Jump to content



Photo

Socket Block issues...


  • Please log in to reply
51 replies to this topic

#1 Erwin Landau

Erwin Landau

    Advanced Member

  • Moderators
  • PipPipPip
  • 1699 posts
  • TBD

Posted 23 April 2004 - 01:25 AM

Tough call... Arm or Vest Topic... Let's go with Vest....


Socket Block issues...

The Back mounted Harness and the Steadicam Arm.

I'm using the DSD Harness in conjunction with the PRO Arm.

I lately developed extreme deformations on my Male Socket Block (Arm Socket Block). In the 2 grooves where you tighten the Arm down, they are about to break off... and parts did... They started to appear during 2 excessive days off of a hard mount shooting from a Motorcycle a couple of weeks ago (GPI repIaced mine...) Using the Klassen build Hardmount, same design as the Backmounted Harness. I was told that that had to do with the fact that a DSD Vest/Hardmount where used and that the Socket Block Assembly was not designed for the DSD style connection...

Front Mounted Vests are utilizing the Thumb screws only for safety and to adjust jaw of the rig assembly as weight of the Rig basically pulls the pin of the Male socket block further into the Female counter part (The proof of that was at the PRO workshop, when a 3A arm permanently wedged it self into a PRO Vest, and I mean for good... no hammer was to small and I think the bandsaw took care of that), versus with the DSD, where the thumb screws actually are holding the whole rig assembly (Arm, Rig, Camera, etc.) in place, besides providing a side to side adjustment.

We had some extensive discussions on the last PRO workshop (last week).... Starting with the DSD/Klassen Socket Block having to be made out of steel or Titanium versus the still used Aluminium... up to having to redesign the whole Arm to Vest connection... etc...

Just another fun day in Steadicam Land...


Erwin "Titanium makes a very unique sound when it brakes" Landau, SOC
www.landaucamera.com
  • 0

#2 JakePollock

JakePollock

    Advanced Member

  • Members
  • PipPipPip
  • 55 posts

Posted 23 April 2004 - 07:33 AM

I'd guess you made a pretty interesting sound yourself when that titanium snapped!

Jake Pollock
Taipei, Taiwan
  • 0

#3 Brad Hruboska

Brad Hruboska

    Advanced Member

  • Sustaining Members
  • 157 posts
  • Toronto

Posted 23 April 2004 - 09:01 AM

I would be very interested to hear what Walter has to say on this topic, As I own both a vest and Hardmount of the same configuration and a Pro Arm... Visions of cameras hitting the pavement at high speeds have that career ending twang that would make me leave the junk on the truck and drive directly to the nearest bar and start work on my food services resume...... :o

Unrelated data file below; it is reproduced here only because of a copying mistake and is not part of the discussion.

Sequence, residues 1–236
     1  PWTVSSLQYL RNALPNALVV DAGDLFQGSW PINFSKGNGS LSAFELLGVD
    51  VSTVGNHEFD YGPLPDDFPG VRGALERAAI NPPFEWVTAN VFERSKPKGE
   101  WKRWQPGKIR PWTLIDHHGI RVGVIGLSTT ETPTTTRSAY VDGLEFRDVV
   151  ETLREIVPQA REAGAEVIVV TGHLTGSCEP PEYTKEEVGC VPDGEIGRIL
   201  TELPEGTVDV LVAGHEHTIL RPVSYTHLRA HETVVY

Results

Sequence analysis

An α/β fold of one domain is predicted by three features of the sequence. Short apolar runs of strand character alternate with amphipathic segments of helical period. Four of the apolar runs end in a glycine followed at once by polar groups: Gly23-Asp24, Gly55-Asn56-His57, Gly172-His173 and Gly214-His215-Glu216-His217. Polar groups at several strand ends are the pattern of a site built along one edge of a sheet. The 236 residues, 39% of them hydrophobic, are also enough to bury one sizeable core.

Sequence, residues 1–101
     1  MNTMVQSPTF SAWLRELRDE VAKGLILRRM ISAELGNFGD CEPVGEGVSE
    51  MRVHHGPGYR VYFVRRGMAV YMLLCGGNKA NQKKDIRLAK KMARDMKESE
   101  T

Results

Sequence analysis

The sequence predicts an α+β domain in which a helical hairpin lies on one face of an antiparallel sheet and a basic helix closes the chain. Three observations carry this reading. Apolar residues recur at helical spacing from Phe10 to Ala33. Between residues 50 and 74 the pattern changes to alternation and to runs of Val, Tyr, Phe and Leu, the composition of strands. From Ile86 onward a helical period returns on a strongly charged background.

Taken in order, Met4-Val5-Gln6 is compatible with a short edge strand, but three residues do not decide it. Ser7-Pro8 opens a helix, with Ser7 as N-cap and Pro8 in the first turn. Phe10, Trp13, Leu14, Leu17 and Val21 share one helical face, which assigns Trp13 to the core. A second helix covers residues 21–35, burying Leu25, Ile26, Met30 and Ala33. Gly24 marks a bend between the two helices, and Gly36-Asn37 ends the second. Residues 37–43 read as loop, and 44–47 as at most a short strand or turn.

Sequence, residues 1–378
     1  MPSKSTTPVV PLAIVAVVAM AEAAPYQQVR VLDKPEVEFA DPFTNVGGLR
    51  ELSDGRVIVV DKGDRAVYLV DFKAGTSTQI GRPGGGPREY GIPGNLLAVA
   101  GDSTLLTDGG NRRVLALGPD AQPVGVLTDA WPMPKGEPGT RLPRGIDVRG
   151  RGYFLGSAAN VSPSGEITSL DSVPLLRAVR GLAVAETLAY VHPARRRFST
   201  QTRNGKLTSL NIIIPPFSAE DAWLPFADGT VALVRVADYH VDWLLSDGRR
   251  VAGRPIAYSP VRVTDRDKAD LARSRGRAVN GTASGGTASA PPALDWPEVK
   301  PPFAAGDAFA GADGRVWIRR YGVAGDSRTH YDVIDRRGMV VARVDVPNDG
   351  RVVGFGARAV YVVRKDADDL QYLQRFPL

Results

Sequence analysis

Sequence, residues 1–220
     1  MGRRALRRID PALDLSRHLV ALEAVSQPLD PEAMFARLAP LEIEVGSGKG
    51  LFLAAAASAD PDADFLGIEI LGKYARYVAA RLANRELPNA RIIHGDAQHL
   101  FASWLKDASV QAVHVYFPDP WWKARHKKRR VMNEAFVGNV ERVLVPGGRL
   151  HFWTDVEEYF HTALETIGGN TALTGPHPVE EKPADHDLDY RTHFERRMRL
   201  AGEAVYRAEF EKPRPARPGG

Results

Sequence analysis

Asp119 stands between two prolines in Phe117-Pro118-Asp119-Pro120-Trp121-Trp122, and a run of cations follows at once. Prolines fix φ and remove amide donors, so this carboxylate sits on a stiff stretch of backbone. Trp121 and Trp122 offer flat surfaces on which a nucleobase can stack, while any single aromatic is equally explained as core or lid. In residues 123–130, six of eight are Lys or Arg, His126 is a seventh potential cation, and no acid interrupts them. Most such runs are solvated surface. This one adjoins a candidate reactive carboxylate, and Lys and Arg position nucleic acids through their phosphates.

• 0

#4 Rich Cottrell

Rich Cottrell

    Advanced Member

  • Sustaining Members
  • 178 posts
  • Erdenheim, PA

Posted 23 April 2004 - 09:44 AM

I too have been thinking about this...
I have a Pro arm on my DSD vest. The top screw is always working its way out. There have been many times when i go to dock the sled, and when i go to take the arm off i realize that the top screw has worked itself out 1/2 way!

I have been cranking down on the little fellas and praying i never loose my arm and rig. Now you got me worried about breaking the arms scoker block.

Erin, Did Pro replace the socket block as part of the lifetime warranty?
thanks,
rich
  • 0

#5 RobVanGelder

RobVanGelder

    Advanced Member

  • Sustaining Members
  • 919 posts
  • Bangkok, Thailand

Posted 23 April 2004 - 10:33 AM

Erwin, I had a similar situation with my Pro-gear arm (don´t frown now,it actually performs very nice!).

During my last workshop, we used it also hard mounted on a dolly, and after a while the instructor showed me the deformation, but mostly in the adjustible bolts.
They turned out to be from the wrong kind of alloy, so we replaced them with much stronger bolts, no problem now.

The main thing, with hard mount, is that you as an operator will not feel the limit of the arm when you hit it. Normally, when you are near the limit, you will feel that in your body and adjust to it, this is you bent your knees more to get lower.

But with a hard mount, you can reach the same mechanical limit from the arm without you noticing it and at that moment the weakest link will break.
In my case the bolds, but since they have been replaced for a stronger kind, very likely something else will go next.

So with any hard mount it is very important not to reach the mechanical limit of the arm, specially fully down. Going over a speedbump on high speed can really tear the whole thing apart if you don´t adjust it carefully.

Rob van Gelder, Bangkok, Thailand
  • 0

#6 Alec Jarnagin SOC

Alec Jarnagin SOC

    Advanced Member

  • Moderators
  • PipPipPip
  • 1800 posts
  • New York City, USA

Posted 23 April 2004 - 10:46 AM

Erwin,